South City firefighters aid stranded sea lion

A California Sea Lion discovered two miles inland in a canal in South San Francisco is struggling to survive after an innovative rescue effort by nearby firefighters saved its life Monday.

The four-year-old male sea lion was first spotted about 9 a.m. in the water near 400 North Canal St., just across the road from the No. 61 Fire Station, according to Captain Travis Nuckolls, who led the rescue effort Monday. The sea lion was swimming up and down the canal and appeared to be lost, Nuckolls said.

The station’s firefighters kept a periodic watch on the sea lion to see if the outgoing tide would take it back out to San Francisco Bay.

When the firefighters checked in on the sea lion at 1:30 p.m., they noticed that it had become mired in the mud as a result of the outgoing tide. Nuckolls then called the Marine Mammal Center, a Sausalito-based organization that specializes in rescuing stranded animals.

While waiting for units from the MMC to arrive, firefighters from the station unloaded an aerial ladder to span the length of canal, running parallel above the sea lion, which was struggling to breathe in the murky shallow waters.

From the ladder, the station set up a pulley system, which they attached to an extra large dog kennel brought by MMC workers to load the 235-pound sea lion, Nuckolls said.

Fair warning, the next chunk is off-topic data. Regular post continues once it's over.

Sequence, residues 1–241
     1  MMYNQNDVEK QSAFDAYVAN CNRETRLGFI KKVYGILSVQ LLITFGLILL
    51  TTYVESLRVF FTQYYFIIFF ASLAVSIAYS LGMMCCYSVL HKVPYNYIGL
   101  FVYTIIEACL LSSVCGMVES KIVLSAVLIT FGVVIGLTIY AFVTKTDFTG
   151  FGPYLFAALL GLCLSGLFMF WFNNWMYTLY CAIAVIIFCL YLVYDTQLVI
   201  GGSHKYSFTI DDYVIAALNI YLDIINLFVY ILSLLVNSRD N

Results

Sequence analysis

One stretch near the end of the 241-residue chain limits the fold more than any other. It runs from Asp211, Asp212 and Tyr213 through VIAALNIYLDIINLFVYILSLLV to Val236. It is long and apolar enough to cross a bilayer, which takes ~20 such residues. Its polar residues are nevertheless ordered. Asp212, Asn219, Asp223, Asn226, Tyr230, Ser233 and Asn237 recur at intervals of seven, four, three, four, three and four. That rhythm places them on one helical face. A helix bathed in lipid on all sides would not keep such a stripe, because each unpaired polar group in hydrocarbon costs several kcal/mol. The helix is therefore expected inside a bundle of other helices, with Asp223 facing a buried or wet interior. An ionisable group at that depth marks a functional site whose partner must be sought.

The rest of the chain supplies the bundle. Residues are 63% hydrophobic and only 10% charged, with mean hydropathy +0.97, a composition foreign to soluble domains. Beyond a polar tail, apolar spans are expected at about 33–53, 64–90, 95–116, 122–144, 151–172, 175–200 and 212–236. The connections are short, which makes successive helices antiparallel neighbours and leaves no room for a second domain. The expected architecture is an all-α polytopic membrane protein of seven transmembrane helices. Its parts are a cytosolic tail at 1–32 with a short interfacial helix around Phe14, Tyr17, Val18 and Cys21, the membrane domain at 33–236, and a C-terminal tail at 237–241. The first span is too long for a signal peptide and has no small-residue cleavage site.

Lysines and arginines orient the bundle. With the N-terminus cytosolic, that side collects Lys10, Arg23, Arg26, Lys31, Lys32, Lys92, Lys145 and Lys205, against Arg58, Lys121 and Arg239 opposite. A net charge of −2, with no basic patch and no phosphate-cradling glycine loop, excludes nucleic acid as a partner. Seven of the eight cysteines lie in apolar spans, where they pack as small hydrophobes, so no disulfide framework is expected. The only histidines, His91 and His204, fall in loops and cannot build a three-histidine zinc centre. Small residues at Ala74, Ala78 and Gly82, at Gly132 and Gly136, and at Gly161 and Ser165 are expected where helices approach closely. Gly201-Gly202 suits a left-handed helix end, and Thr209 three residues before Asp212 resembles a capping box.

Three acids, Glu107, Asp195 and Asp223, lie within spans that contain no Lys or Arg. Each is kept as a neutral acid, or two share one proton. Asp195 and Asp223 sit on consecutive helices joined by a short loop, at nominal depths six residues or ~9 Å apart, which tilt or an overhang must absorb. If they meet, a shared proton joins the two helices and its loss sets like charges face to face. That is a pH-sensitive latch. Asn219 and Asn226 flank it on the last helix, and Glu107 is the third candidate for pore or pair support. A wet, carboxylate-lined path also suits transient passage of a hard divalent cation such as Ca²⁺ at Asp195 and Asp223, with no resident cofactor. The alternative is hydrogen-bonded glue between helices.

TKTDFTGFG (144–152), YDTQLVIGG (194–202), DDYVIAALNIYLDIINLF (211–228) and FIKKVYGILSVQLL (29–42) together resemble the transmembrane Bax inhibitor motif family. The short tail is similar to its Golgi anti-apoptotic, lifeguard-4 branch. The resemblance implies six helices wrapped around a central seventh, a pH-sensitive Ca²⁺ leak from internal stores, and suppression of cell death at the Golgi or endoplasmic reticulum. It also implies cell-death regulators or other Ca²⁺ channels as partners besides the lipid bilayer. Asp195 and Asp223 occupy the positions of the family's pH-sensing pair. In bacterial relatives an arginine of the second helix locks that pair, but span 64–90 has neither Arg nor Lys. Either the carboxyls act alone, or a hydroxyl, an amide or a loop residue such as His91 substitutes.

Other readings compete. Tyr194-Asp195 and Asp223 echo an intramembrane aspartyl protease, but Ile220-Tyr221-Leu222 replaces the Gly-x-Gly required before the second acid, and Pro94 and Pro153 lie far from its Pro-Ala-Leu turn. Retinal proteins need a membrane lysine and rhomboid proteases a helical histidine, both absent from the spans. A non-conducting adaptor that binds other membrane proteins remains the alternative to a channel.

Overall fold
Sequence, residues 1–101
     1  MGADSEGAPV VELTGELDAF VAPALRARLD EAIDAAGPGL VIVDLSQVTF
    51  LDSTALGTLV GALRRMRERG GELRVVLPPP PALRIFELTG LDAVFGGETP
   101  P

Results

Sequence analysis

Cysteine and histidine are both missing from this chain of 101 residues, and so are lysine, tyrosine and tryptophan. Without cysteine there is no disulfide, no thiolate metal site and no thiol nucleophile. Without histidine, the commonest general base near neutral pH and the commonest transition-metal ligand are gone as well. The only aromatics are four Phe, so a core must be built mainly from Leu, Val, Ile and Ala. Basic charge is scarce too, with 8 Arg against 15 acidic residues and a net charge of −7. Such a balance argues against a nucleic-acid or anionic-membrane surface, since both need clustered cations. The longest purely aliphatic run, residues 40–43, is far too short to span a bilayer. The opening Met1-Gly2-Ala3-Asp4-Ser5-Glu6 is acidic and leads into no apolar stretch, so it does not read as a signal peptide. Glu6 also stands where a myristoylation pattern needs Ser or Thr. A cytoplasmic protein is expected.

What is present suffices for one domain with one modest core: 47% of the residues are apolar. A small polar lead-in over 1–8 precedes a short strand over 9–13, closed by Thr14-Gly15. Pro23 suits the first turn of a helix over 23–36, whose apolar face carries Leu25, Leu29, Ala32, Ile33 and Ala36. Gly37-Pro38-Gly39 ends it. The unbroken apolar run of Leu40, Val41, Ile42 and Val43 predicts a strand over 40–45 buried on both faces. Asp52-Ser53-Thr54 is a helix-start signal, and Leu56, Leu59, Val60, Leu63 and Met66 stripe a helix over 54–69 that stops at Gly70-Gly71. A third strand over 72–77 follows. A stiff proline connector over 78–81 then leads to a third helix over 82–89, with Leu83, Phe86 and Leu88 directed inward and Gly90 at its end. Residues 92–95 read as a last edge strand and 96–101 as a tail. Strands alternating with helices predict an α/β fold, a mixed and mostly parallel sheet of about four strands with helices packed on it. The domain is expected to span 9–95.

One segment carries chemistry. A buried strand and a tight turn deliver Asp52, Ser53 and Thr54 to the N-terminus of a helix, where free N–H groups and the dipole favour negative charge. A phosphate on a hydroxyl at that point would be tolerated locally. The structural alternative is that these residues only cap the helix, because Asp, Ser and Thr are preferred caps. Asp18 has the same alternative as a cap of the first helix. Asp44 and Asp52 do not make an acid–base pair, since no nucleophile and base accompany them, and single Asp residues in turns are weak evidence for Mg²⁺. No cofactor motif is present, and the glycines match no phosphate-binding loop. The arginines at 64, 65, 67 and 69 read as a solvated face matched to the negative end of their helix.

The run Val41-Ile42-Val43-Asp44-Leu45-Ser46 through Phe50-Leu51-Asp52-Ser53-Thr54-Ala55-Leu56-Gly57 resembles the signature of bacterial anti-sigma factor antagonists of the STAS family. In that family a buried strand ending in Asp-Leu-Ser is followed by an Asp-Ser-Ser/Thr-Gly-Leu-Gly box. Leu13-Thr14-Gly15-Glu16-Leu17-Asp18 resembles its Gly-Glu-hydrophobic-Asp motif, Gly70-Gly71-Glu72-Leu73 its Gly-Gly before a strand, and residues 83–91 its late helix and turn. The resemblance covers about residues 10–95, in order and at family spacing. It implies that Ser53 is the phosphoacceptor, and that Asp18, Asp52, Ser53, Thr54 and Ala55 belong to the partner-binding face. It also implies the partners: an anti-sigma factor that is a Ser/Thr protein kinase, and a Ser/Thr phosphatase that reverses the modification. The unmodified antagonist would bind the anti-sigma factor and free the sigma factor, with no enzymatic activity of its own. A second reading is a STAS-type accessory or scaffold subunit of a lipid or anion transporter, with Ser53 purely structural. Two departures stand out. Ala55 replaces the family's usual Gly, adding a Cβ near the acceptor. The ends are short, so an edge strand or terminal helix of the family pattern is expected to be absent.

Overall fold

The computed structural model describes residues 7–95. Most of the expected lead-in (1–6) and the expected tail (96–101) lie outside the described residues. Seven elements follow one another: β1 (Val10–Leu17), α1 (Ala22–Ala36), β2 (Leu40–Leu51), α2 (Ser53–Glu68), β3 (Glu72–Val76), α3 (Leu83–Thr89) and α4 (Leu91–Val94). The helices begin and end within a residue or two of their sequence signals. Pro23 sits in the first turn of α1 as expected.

After a few minutes, MMC workers and firefighters were able to coax the sea lion into the kennel, and with the animal in tow, the ladder was raised, lifting the package back onto the street.

The MMC workers loaded the sea lion into their animal rescue vehicle and transported it back to headquarters in Sausalito. As of Tuesday morning, the sea lion was resting at the MMC headquarters, but it was still experiencing significant respiratory problems, according to the organization’s spokeswoman, Mieke Eerkens.

She said the fact that an adult sea lion was found so far away from a normal habitat indicates there is something likely seriously wrong with its health.

“Whenever we rescue lost older animals that should know where to forage, it always raises alarms bells that there is a serious condition,” Eerkens said.

For the time being, the sea lion — newly dubbed “Station 61” in recognition of the South San Francisco firefighters' efforts — is resting in the MMC’s headquarters, where it is expected to undergo more extensive health tests in the next few days, according to Eeerkens.

wreisman@sfexaminer.com

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